The charming city of Aswan is one of the famous winter resorts located in southern Egypt and one of the major touristic cities of the country. Being the last city in Egypt from the Southern part, Aswan has always served as an important gate to Egypt and a significant transit point for commercial caravans coming from Africa towards the land of the Nile.
Aswan has a lot to offer! The warm weather all year long, some of the most remarkable historical sites including the Temple of Philae and the Unfinished Obelisk, and the most magnificent views of the River Nile at its widest points; all these factors contributed in the unique magic of Aswan.
Aswan governorate is the southernmost area in Egypt where people live. The city is located only 215 kilometers to south of Luxor, more than 900 kilometers to the south of Cairo, and around 520 kilometers away from the Red Sea resort of Hurghada. Its distinctive location near the Equator granted the sun to be always shining in Aswan.
The name Aswan was originally derived from the word Sono in the ancient Egyptian language. This word means the large market and Aswan was at the time one of the most important centers for trading activities to and from and the Nile Valley. The Romans and the Arabs modified the name afterwards to become Aswan.
Since ancient times, the Egyptians knew how important Aswan is to protect the Southern borders of Egypt against any attacks. This is in addition to the presence of several quarries that provided stones for the construction of many temples and other establishments.
When the kings that belong to the Middle Kingdom governed Egypt, they started sending their army troops and was able to take control of Nubia, parts of Sudan, and many other areas.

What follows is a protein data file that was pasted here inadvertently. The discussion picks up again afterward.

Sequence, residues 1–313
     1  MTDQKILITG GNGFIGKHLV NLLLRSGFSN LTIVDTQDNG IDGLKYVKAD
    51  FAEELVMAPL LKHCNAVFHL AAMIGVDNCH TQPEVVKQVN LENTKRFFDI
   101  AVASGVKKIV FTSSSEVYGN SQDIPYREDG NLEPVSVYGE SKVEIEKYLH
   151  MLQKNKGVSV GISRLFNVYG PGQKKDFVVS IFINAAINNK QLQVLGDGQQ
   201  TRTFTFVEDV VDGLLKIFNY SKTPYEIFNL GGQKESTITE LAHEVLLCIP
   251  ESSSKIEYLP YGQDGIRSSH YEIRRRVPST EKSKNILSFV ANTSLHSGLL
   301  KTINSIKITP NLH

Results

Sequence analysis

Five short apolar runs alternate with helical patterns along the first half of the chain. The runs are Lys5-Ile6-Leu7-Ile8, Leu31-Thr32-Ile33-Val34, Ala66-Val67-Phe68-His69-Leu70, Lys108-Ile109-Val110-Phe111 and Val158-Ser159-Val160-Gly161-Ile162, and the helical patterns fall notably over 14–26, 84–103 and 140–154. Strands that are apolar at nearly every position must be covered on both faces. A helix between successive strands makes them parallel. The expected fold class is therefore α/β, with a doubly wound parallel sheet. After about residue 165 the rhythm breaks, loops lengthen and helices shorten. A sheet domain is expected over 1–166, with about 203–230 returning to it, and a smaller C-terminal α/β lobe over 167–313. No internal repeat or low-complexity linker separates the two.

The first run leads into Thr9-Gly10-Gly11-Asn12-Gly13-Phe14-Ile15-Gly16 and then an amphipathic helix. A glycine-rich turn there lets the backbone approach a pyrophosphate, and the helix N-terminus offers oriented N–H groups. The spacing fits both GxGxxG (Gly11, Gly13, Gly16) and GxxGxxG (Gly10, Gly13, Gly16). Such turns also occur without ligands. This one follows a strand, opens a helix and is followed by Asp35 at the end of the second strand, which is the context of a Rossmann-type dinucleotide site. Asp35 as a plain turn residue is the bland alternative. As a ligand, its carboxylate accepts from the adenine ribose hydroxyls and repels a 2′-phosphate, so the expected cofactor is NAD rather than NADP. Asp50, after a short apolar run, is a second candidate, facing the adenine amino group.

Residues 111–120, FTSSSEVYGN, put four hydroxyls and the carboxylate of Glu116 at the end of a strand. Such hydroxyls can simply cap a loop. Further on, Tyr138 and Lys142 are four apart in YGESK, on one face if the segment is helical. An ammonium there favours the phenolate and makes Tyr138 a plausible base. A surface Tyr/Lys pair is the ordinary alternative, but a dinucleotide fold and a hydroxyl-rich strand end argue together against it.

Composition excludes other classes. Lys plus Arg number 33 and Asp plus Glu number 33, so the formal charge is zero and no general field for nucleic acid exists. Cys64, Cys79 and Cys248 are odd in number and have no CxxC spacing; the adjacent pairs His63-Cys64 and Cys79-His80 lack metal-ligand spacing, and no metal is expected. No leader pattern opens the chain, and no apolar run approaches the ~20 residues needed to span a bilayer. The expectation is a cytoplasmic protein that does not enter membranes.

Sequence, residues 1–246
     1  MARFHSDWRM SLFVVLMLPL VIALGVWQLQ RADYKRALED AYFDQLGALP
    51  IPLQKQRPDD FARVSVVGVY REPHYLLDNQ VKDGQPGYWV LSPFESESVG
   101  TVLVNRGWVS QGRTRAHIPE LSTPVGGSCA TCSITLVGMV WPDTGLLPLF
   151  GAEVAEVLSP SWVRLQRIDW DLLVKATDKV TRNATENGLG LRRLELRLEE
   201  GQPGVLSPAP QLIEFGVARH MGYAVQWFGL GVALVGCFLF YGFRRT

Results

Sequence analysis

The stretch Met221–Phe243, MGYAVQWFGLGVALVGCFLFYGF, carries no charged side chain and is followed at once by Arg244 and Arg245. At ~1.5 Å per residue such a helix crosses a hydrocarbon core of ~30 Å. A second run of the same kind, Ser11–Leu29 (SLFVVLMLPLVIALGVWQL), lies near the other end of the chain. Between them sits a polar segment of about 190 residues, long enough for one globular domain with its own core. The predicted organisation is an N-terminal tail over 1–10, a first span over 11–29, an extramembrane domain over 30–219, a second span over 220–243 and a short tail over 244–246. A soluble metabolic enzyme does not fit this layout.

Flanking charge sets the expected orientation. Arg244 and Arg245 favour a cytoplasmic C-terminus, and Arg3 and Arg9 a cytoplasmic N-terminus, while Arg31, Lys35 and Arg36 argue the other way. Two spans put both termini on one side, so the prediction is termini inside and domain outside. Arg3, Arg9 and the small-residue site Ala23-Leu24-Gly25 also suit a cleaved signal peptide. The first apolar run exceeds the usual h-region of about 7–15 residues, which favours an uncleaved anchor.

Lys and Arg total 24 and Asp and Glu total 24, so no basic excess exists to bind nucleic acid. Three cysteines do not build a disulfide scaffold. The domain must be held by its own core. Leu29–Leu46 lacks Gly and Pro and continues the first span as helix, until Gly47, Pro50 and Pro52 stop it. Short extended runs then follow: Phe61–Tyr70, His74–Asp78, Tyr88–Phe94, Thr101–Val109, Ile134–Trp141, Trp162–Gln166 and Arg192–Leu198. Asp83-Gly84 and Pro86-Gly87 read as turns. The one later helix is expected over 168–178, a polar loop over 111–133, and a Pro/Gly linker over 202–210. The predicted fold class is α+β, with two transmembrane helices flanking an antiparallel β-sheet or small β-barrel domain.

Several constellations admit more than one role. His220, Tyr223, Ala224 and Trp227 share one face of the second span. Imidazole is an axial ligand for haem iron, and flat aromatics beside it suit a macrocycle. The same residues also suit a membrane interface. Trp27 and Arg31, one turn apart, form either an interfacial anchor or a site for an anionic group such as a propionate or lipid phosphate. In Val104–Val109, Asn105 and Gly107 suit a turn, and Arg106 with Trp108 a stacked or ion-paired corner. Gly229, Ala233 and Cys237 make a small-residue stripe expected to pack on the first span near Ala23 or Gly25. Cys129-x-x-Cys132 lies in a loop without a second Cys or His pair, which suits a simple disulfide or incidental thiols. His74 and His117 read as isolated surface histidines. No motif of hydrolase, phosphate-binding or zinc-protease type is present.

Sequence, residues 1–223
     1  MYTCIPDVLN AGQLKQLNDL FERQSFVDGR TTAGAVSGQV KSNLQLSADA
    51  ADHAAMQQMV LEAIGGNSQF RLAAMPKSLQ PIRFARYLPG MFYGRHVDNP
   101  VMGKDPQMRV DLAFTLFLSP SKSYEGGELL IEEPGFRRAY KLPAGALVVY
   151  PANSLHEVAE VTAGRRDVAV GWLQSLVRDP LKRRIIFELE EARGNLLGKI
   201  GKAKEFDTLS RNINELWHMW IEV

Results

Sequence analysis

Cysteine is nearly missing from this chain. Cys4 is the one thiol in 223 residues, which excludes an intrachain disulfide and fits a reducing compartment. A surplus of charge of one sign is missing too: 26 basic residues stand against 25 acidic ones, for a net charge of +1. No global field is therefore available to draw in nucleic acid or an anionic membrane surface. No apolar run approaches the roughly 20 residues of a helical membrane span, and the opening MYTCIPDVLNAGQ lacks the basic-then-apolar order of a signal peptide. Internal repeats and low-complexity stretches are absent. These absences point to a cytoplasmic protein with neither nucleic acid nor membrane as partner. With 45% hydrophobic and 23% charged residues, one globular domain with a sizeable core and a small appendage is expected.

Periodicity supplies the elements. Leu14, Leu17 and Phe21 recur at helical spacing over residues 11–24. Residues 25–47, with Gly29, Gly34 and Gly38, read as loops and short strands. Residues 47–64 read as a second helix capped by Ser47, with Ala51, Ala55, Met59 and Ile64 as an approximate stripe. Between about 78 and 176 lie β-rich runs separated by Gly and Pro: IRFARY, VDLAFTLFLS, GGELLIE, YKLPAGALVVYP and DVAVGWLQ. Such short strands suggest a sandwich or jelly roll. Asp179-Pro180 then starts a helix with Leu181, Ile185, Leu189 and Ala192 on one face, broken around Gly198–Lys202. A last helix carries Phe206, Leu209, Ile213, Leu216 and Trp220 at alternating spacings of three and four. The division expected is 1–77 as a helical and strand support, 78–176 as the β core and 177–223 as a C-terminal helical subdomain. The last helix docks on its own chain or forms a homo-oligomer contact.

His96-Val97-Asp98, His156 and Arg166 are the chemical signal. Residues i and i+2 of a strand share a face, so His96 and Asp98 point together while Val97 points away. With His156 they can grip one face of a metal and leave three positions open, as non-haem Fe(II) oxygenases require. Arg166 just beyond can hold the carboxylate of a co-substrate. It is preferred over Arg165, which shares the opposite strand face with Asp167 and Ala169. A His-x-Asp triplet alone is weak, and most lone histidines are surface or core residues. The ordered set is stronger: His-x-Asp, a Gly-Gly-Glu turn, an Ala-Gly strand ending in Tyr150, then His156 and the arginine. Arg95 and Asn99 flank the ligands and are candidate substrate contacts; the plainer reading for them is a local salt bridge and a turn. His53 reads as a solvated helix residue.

During the Ptolemaic era, the Ptolemies, recognizing the importance of Aswan and its inhabitants, they rebuilt the marvelous Temple of Philae that was the cult of the worship of Isis and Osiris. The Romans also played the same role and continued their special attention to Aswan.
Around the 4th century AD, when many Egyptians started converting to Christianity, with the Roman emperors trying to get rid of Egyptian Copts, many of them resorted to Aswan and the Philae Island became an important Coptic center. The importance of Aswan even grew when the Moslems took control of Egypt as the commercial activities expanded to include towns in the Arabian Peninsula.
In contemporary times, the Egyptian government established several significant projects in Aswan. The most important among them is the High Dam that restores the water of the Nile flood and generate a portion of Egypt’s electricity.
Today, Aswan is a favorite hub for Egyptians and foreigners who enjoy their vacations in Egypt. The highlights of Aswan include the Unfinished Obelisk, the Temple of Philae, the Unfinished Obelisk, the Kitchener’s Island, the Nubian Museum, and many other attractions.